“I’ve not seen any concrete proposals along this line. I don’t really know what a 21st Century Glass-Steagall would look like. I think my reading on the financial crisis is that wasn’t the major source of the financial crisis, in fact many of the problems emanated from firms that were investment banking units.”
“To me, an important reform in the aftermath of the crisis was to make sure that investment banking activities that were a core part of the shadow banking system where leverage had built, that those were appropriately capitalized, had appropriate liquidity and their management was strengthened and that’s what we have tried to do. But obviously we would look at any proposals that are put forward. I’m not aware of anything concrete to react to.”
The Fed is the top government regulator in charge of some of the most risky bank holding companies in the world. If its leadership can’t see any concrete proposals — why should those on Wall Street?
While the repeal of Glass-Steagall under President Clinton does not alone stand as the catalyst that caused the 2008 crash, it allowed for the continued “high-risks make high-rewards” culture in the world of big finance.
Christopher Whalen highlighted exactly what a reduction of risk culture would look like in The Institutional Risk Analyst noting, “We should slowly mandate that the big banks get smaller and also gradually separate dealing activities from the depository over a period of 5-10 years.”
All this begs with reason, would a Trump White House together with Gary Cohn cross old banking alliances and a Federal Reserve that is responsible for bailing them out?
Gary Cohn’s star power and prowess in the White House is already on the rise. Mainstream media outlets have already started to place him as the “shadow chief of staff” and a potential replacement candidate for Reince Priebus.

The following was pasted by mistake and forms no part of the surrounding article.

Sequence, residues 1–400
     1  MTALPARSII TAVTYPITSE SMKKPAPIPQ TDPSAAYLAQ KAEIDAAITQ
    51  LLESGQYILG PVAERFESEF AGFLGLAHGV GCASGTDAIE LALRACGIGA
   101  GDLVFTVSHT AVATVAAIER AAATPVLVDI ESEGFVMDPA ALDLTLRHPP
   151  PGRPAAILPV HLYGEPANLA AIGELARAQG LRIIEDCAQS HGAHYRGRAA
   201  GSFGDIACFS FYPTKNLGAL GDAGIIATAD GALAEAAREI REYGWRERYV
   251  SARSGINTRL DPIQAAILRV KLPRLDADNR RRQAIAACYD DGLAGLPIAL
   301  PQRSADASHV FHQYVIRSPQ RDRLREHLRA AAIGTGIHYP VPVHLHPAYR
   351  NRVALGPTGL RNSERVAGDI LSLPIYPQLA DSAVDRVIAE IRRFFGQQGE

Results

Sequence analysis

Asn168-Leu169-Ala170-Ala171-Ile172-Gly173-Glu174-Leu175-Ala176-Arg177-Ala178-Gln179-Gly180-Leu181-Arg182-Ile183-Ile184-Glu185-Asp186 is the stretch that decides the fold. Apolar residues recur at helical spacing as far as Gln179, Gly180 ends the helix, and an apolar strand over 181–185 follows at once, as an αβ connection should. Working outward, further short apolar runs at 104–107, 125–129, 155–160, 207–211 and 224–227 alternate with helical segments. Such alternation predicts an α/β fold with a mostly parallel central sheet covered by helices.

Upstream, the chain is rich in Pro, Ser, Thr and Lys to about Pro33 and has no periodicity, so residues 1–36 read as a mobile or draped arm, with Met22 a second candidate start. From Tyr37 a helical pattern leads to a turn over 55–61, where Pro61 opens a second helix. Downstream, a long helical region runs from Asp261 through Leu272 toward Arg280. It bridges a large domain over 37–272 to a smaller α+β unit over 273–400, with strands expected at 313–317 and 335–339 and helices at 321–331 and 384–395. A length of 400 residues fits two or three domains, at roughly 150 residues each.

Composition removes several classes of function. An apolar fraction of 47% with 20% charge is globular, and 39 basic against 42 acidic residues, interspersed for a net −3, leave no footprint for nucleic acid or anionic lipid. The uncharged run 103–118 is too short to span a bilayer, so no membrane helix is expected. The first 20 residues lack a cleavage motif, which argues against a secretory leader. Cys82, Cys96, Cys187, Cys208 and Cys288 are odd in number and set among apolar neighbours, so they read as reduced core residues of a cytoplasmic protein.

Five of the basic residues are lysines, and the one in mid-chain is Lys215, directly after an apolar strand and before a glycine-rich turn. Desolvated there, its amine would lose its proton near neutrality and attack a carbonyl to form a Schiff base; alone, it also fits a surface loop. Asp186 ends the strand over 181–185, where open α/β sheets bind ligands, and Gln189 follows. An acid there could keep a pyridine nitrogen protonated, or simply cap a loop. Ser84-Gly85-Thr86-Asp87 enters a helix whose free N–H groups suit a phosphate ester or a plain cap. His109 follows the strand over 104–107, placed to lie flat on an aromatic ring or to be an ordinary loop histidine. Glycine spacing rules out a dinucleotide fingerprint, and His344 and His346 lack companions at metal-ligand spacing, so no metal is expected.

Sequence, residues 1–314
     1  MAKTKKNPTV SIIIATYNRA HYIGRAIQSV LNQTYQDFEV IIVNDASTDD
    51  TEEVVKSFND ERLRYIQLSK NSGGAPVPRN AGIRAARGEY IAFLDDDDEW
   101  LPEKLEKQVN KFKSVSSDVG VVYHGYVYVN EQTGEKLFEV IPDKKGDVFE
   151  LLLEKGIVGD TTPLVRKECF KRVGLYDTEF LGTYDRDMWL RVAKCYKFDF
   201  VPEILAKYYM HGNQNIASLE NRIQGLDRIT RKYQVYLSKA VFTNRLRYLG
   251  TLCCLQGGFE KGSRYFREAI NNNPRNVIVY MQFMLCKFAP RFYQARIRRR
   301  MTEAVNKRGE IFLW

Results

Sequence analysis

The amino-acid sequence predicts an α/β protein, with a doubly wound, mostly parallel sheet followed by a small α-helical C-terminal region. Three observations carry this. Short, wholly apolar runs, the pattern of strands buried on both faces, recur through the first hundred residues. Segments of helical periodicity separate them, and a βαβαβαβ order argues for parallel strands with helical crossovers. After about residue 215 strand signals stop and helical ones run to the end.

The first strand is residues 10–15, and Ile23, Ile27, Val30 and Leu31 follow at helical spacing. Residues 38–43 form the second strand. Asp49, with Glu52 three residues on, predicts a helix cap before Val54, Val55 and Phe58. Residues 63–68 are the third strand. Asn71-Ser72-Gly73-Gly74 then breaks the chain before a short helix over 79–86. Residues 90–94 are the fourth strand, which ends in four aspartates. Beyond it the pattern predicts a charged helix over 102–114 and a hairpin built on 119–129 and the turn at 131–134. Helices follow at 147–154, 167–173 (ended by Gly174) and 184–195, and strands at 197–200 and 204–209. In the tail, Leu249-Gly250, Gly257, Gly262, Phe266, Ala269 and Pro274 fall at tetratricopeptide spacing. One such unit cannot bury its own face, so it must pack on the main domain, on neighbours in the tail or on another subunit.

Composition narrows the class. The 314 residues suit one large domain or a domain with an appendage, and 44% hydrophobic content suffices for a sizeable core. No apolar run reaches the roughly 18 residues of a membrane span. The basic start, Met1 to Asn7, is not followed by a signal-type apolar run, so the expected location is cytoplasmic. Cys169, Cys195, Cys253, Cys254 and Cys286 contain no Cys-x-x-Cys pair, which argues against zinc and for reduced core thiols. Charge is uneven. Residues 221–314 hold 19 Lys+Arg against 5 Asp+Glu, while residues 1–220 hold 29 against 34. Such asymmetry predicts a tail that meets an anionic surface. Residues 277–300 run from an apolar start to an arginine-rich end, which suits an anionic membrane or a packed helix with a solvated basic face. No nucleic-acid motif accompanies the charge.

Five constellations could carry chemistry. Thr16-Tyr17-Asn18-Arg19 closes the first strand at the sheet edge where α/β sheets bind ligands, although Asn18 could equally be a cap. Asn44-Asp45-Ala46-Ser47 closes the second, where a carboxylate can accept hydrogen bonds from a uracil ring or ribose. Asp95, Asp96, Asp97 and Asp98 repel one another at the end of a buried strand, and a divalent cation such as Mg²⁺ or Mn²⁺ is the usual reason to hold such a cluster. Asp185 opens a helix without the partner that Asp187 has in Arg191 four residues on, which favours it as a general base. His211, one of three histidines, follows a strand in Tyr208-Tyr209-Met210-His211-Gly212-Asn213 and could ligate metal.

Under President Trump’s White House, Cohn could be the dark-horse cheerleader for Glass-Steagall that shakes up of old banking alliances.
Banks like JPMorgan Chase, Citibank, Bank of America and Wells Fargo would take losses from a modern Glass-Steagall. That’s because they have significant commercial banking operations.
Walk through any mall or in route to an airport terminal and you’re likely to see an ATM from one of those major banks.
In contrast, Cohn’s old stomping grounds at Goldman Sachs could come out on top. Since the 2008 bailout, Goldman now has fewer deposits and less of a retail focused business operation. Goldman reaped the benefits of being a bank holding company, received its bailout funding and has now moved on to the next target.
This could also be a case in which the group of Goldman Sachs alumni that fill the White House are simply taking on special interests.
As Dennis Kelleher, the President and CEO of Better Markets, warned, “Most troubling about Mr. Cohn’s possible embrace of Glass-Steagall is the potential benefits that would be uniquely enjoyed by his former firm, Goldman Sachs.”
Mr. Kelleher, who leads a nonprofit focused on promoting financial reform of Wall Street, further expressed that, “A Glass-Stegall-like change done wrong could move Goldman back to the investment and trading side of light regulation, boosting its profits, business lines and competitive position.”
“Thus, once again it would be king of the financial world where bank holding companies couldn’t compete.”
Glass-Steagall, History and Financial Collapse